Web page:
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Home / Jharkhand / Migrants don’t want to leave if government provides jobs in the state

Migrants don’t want to leave if government provides jobs in the state

About 250 workers participate in a webinar organised by Jharkhand Janadhikar Mahasabha
Migrants from various parts of Jharkhand gather at a shelter home to board buses to reach their native places. (image used for representational purpose)

Our Special Correspondent   |   Ranchi   |   Published 08.06.20, 08:12 PM

About 250 migrant workers participated in a webinar organised by Jharkhand Janadhikar Mahasabha, an umbrella organisation of activists and civil society groups, on Monday. The objective was to document experiences, discuss future plans and formulate demands to be placed before the government.

About 15 workers from the group also spoke in the webinar. “Kaam milega toh nahi jayenge,” (We will not leave the state if we get a job hee) seemed to be the overriding sentiment among them.

Manik Chand of Garhwa was working as a labourer in Delhi when the government imposed a nationwide lockdown. “Having no income there some of us decided to return,” Chand said while sharing his experience. They got into a truck that dumped them near Etawah in Uttar Pradesh. Following this, they boarded another truck and reached Allahabad by paying Rs 900 each. Soon after, they embarked on a 5 day journey on foot to reach Garhwa.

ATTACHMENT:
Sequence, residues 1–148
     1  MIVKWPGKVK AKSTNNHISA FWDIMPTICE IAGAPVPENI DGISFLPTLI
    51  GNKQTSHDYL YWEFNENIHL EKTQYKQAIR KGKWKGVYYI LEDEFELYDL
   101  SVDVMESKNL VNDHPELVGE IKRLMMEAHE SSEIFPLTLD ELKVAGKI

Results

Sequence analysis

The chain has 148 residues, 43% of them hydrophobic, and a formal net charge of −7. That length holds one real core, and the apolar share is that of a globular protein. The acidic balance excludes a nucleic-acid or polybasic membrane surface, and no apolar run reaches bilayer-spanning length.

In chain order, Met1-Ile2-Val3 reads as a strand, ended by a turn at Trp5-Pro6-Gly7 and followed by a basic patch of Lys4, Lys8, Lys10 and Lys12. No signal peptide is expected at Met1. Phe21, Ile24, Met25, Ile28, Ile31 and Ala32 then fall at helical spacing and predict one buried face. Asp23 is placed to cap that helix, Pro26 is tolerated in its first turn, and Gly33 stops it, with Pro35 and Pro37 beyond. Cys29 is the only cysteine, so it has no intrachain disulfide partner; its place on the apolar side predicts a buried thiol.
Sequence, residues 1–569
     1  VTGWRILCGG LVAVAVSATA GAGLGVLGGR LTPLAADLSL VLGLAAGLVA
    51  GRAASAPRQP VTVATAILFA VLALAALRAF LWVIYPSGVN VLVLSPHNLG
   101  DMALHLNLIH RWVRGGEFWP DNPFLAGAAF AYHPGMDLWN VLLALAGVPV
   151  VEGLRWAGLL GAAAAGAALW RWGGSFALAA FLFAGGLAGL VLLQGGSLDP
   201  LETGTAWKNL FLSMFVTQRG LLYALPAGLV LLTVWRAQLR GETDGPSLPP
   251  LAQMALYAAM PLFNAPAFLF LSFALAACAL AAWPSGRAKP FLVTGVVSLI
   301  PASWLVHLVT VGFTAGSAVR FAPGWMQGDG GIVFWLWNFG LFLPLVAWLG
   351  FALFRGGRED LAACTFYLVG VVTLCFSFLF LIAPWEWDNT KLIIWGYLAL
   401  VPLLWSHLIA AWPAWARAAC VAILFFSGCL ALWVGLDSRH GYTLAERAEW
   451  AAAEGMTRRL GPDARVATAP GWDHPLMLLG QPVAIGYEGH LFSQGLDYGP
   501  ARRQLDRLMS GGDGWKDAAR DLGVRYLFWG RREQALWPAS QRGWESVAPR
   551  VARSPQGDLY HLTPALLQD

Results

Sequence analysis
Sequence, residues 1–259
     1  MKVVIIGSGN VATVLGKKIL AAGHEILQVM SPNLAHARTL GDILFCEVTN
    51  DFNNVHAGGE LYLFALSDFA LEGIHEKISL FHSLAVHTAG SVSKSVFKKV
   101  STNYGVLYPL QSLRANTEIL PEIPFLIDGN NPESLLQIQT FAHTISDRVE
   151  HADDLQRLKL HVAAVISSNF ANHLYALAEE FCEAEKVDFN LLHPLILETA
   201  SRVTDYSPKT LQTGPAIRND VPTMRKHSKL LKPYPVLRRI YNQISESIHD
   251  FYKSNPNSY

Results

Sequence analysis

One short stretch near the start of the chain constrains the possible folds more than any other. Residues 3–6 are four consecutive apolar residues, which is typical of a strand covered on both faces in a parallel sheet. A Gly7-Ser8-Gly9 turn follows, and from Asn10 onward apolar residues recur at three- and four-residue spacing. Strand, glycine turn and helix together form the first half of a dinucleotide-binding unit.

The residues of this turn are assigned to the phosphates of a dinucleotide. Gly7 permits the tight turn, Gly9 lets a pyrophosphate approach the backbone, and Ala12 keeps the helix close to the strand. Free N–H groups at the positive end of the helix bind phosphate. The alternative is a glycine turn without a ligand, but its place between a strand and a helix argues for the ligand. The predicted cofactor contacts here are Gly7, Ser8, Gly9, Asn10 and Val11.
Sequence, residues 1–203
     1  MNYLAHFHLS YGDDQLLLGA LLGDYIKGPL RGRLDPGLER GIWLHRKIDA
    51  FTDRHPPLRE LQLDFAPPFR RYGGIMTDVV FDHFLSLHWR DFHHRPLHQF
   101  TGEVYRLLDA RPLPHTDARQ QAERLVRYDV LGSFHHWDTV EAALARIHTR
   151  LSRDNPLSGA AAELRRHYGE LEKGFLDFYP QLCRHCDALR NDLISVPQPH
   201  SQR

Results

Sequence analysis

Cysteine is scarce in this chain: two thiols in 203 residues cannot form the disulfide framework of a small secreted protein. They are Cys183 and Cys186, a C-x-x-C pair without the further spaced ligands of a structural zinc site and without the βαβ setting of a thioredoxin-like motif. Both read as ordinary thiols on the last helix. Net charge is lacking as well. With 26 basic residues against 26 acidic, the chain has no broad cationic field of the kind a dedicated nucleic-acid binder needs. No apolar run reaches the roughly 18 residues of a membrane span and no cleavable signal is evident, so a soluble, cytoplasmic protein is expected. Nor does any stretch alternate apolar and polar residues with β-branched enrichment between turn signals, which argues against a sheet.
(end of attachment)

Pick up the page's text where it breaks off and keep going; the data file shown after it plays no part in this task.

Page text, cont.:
“Why should we go out again if the government provides us work here,” he exclaimed.

Amol Tigga from Hazaribagh was working under a contractor in a tower installation project in Aurangabad in Maharashtra, earning Rs 13,000 a month. “The contractor stopped payment when work ceased for the lockdown, but arranged food for us and advised us to leave at the earliest,” he said.

Some of them paid Rs 6,000 each to hire a vehicle to return home. Tigga also demanded that the government should offer them jobs.

“The government was serious in its attempt to provide jobs by engaging migrant workers in rural job schemes under the Mahatma Gandhi National Rural Employment Guarantee Act,” said James Herenj, convener of Jharkhand NREGA Watch, a citizens’ forum. According to herenj, those schemes will now involve plantation drives, water conservation projects and creating sports infrastructure.

“It will be difficult for the government to provide skill-specific jobs,” he informed in the webinar, explaining why getting the same type of jobs would not be possible.

The wage in the rural job scheme is also much less – just Rs 194 per day – compared to the wages they had earned outside,” Herenj said, adding that it was less than the minimum daily wage of an agricultural labourer in the state (Rs 294).

“But this will be better than sitting idle or working as a labourer at a distant place for some more money as the rural scheme jobs are within or in adjacent villages,” he informed.

“Those who own some land can grow fruit-bearing plants on those plots under the job schemes,” he told the participants.

“There are scopes to expand the schemes to certain other areas such as fisheries, minor forest produce or growing certain traditional agricultural products of the regions, but we have to convince the government to include those,” Herenj further said.

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